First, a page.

Country also needs investment in large reactors and renewables, says economic institute
The greatest potential of small modular reactor construction for Poland may lie in the production of district energy in the country’s largest urban areas, but building SMRs will not replace the need to invest in renewable energy and large-scale nuclear, the Polish Economic Institute said.
In a report on prospects for the use of SMRs in Poland’s energy transition, the institute said three SMR plants each with a capacity of 300 MW could meet up to 80% of the capital city Warsaw’s demand for district energy in 2040.
District energy systems take energy released as heat from a range of energy sources – in this case an SMR – and connect it to energy consumers through a system of highly insulated pipes.
The institute said its research had suggested that SMRs could meet over 20% of the demand for district heat in large urban areas.
According to the institute, Poland has one of the most developed district heating systems in Europe with more than 40% of the 13.5 million households in the country connected to the heating network. District heating is also responsible for around a quarter of all the heat generated, including in industry.
However, coal remains “the fundamental fuel” with around 14.5 million tonnes used per year.
One of the cities that could benefit significantly from the use of SMRs to decarbonisation its heating is Warsaw, the institute said.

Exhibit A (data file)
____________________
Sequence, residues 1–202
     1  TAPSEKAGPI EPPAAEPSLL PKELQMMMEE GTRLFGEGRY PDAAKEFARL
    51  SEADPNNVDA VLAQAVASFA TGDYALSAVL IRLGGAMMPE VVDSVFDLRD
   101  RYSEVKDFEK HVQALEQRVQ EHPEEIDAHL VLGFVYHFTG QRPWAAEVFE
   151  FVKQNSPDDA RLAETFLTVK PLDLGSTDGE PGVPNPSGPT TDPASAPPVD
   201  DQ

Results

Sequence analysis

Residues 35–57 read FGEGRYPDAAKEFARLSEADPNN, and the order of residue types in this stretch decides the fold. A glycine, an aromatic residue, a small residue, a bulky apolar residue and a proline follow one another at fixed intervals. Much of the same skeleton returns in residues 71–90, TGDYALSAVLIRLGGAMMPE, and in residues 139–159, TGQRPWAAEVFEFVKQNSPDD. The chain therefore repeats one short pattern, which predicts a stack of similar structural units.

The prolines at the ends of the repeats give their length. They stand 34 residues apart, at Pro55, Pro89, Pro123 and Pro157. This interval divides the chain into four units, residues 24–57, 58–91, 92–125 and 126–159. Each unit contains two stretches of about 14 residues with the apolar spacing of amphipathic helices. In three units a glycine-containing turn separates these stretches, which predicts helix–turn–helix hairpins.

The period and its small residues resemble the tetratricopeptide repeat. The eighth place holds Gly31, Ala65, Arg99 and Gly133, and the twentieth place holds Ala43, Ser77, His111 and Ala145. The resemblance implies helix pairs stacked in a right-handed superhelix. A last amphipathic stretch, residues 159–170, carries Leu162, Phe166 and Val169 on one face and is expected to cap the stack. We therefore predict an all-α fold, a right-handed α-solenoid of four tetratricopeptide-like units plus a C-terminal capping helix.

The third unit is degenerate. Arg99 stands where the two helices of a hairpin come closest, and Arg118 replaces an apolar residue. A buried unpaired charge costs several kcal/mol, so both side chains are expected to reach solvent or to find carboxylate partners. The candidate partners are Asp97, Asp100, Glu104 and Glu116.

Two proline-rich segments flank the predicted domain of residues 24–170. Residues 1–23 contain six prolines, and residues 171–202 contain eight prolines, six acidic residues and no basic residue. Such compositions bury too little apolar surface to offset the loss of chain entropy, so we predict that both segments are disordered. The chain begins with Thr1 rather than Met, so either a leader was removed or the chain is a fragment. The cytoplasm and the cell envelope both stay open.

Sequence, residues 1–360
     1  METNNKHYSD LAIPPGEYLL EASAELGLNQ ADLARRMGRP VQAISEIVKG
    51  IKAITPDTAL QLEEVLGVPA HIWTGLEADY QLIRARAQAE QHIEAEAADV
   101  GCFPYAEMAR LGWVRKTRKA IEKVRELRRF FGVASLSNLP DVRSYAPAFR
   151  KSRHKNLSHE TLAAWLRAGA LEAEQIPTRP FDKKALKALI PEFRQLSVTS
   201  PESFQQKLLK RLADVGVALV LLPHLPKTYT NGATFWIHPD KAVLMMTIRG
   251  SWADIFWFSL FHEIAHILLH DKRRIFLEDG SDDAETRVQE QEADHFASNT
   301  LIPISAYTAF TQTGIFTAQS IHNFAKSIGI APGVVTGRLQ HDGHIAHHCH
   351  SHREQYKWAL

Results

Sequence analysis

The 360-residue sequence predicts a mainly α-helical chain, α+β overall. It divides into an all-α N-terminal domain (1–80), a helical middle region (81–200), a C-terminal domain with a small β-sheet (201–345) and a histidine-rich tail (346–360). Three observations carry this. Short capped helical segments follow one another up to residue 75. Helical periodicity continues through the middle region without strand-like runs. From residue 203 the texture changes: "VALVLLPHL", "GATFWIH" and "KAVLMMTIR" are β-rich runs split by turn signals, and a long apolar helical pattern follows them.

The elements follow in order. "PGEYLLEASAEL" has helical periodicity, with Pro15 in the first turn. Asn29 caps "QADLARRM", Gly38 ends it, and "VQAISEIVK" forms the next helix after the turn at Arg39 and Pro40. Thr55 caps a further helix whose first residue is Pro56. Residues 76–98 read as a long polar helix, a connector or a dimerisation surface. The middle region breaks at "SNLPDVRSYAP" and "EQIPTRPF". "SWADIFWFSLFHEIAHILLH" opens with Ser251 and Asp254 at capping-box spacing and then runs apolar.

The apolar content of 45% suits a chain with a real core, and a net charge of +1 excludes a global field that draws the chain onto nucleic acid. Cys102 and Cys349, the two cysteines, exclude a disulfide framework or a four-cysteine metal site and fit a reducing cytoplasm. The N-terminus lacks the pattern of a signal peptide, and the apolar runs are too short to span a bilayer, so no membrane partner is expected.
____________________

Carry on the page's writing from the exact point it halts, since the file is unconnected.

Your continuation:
In 2020, the demand for system heat in the Polish capital amounted to 8.9 TWh with more than 90% was produced by plants that use hard coal. Future demand for heating in Warsaw could exceed 14 TWh, according to the institute.
Installing three SMRs could meet 80% of Warsaw’s annual heating demand in 2040, while boosting electricity production in the months when demand for heating falls.
Poland has plans to build large-scale nuclear power plants and small modular reactors in an effort to reduce carbon emissions from its power generation sector. The country at present gets about 70% of its electricity from stations burning coal.
In November 2022, Warsaw chose US-based Westinghouse Electric to supply its AP1000 reactor technology for a three-unit nuclear power station at the Lubiatowo-Kopalino site in the northern municipality of Choczewo near the Baltic coast of Pomerania.